Smug, adj.: Exhibiting or feeling great or offensive confidence with one’s abilities, superiority, or correctness; self-righteously complacent. See “Deadpool” (2016).
If “Deadpool” planted the flag for smug — for the flippant, pseudo-rebellious fourth-wall breaking that passes for subversiveness in the Marvel corporate universe — the new sequel, “Deadpool 2,” represents its franchising. The movie exports the sensation of being inordinately pleased with oneself and sells it as shock-value entertainment. Directed by David Leitch, “Deadpool 2” is very good at what it does, which is flattering the audience into feeling like it’s in on the joke. If you’re a doubter, though, you may wonder if the joke’s on us.
To get you up to speed: The first “Deadpool,” directed by Tim Miller, brought to the screen an anarchic and fairly minor figure in the X-Men superhero comics cosmos: a wise-cracking former mercenary whose superpower (for reasons detailed in the film) is that he can’t be killed. The movie merged the character with the established persona of actor Ryan Reynolds, whose snarkiness can be so extreme that it precludes emotional involvement; ironically, doubling down on the smarm proved to be a commercial breakthrough. The “Deadpool” movies are positioned as the bratty, ratty, foul-mouthed little brother in the Marvel star system; you go to them to see all the pomposities of the other movies called out and mocked. And to see Wolverine made fun of.
If you can go along for the ride, especially in a crowded and jacked theater, it can feel like a contact high. If you can’t — if the sound of self-congratulatory self-consciousness wears you out after 15 minutes or so — it’s just sort of depressing, like going to a circus that keeps boasting about how stupid it is. Reynolds returns as Wade Wilson, who, under the red-and-black mask, is a mass of burned skin tissue and cynical one-liners; so, too briefly, does Morena Baccarin (“Homeland”) as his lady love, Vanessa.
Most of the action in “Deadpool 2” flits around the edges of the X-Men universe, with Wade called to the oddly underpopulated Xavier Institute by Colossus (a steel behemoth voiced by Stepan Kapicic) and enlisted as a trainee X-Man, a lowly status for which the hero proves his unfitness time and again. The one big joke of this franchise is that Deadpool is an anti-hero superhero, with poor impulse control and a tendency to shoot first and not bother with questions at all.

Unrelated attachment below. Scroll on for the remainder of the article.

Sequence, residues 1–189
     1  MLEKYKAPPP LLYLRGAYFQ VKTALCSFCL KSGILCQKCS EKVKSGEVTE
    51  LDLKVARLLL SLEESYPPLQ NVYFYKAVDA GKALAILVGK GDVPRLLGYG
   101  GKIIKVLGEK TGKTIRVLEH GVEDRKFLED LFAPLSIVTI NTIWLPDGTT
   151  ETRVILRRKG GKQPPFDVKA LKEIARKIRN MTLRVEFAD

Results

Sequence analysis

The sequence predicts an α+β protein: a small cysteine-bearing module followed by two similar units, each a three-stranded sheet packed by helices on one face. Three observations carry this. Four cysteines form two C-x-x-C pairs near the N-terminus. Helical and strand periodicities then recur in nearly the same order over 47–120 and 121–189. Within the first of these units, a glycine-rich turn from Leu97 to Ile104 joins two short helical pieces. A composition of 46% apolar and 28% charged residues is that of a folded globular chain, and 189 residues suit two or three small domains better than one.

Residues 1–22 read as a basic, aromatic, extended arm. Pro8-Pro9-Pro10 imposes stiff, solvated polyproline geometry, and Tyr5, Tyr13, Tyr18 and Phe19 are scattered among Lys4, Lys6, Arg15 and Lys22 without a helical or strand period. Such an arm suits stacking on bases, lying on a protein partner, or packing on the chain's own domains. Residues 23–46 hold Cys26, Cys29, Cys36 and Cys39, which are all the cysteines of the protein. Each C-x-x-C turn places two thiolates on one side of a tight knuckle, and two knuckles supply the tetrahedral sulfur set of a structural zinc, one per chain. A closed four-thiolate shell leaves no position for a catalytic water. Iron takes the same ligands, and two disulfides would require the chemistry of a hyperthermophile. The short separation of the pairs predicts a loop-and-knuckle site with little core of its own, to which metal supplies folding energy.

In a sense, he meets his match in Russell (Julian Dennison), a husky teen misfit who, as Firefist, can throw fireballs to augment his adolescent rage. Those of you lucky to have seen the off-kilter New Zealand comedy-drama “Hunt for the Wilderpeople” (2016) will be happy to know that Dennison, that movie’s small, angry, rotund star, has found gainful employment in Hollywood. I’m not convinced this is progress.
“Deadpool 2” lifts bits and plots from other sci-fi/action properties, but that’s all right, since the 1990s comics on which the movie is based did so too, and without the hero copping to the thievery with jokes about RoboCop and the Terminator. Josh Brolin, whom Marvel apparently has on retainer, appears as Cable, a tough-as-nails super-soldier from the future who wants to stop Russell before the kid grows up to do Something Bad; you don’t have to wait long before Deadpool references Brolin’s day job as Thanos in the “Avengers” cycle.
But it’s that kind of movie, a sort of “Mystery Science Theater 3000” with Joel and the robots actually running around inside the story as they comment on it. All you need to do to play along is get enough pop-culture references to laugh knowingly when the script (by a quartet of writers including Reynolds) makes jokes about depressing DC superhero movies, has Deadpool ape John Cusack in “Say Anything,” or cues up schlocky Celine Dion songs to underscore the blood and guts.
There are one or two characters I wouldn’t mind seeing spun off to their own franchises, though. At one point in “Deadpool 2,” Wade rounds up his own team of off-brand superheroes, each somewhat less than super (and most of them based on actual Marvel characters from the ’90s). One is an average guy named Pater with no powers at all, played by the deadpan comic Rob Delaney of TV’s “Catastrophe.” Even better is Domino (Zazie Beetz of Donald Glover’s “Atlanta”), whose superpower is luck. That’s all — she’s just really lucky, and to see one of those over-controlled, digitally souped-up action sequences lay itself open to chance is a brief and heady thrill. It almost makes you wish they’d make a whole movie that way.
Leitch, a former stuntman turned director, choreographs the action and CGI mayhem with brutal effectiveness and little of the dirty grace he brought to Charlize Theron’s operatic stairway shoot-out in last year’s“Atomic Blonde.” The star does his schtick and invites us in for a giggle but there’s no weight to the character or to Reynolds’s playing of him. He’s like Robert Downey Jr. without the soul. And Robert Downey Jr. without the soul is . . . smug. Even more so the second time around.
Directed by David Leitch. Written by Rhett Reese, Paul Wernick, Ryan Reynolds, and Rob Liefeld. Starring Reynolds, Josh Brolin, Julian Dennison, Zazie Beetz, Morena Baccarin. At megaplexes in Boston, suburbs; Jordan’s Furniture IMAX in Natick and Reading. 119 minutes. R (strong violence and language throughout, sexual reference, brief drug material).Ty Burr can be reached at firstname.lastname@example.org. Follow him on Twitter @tyburr.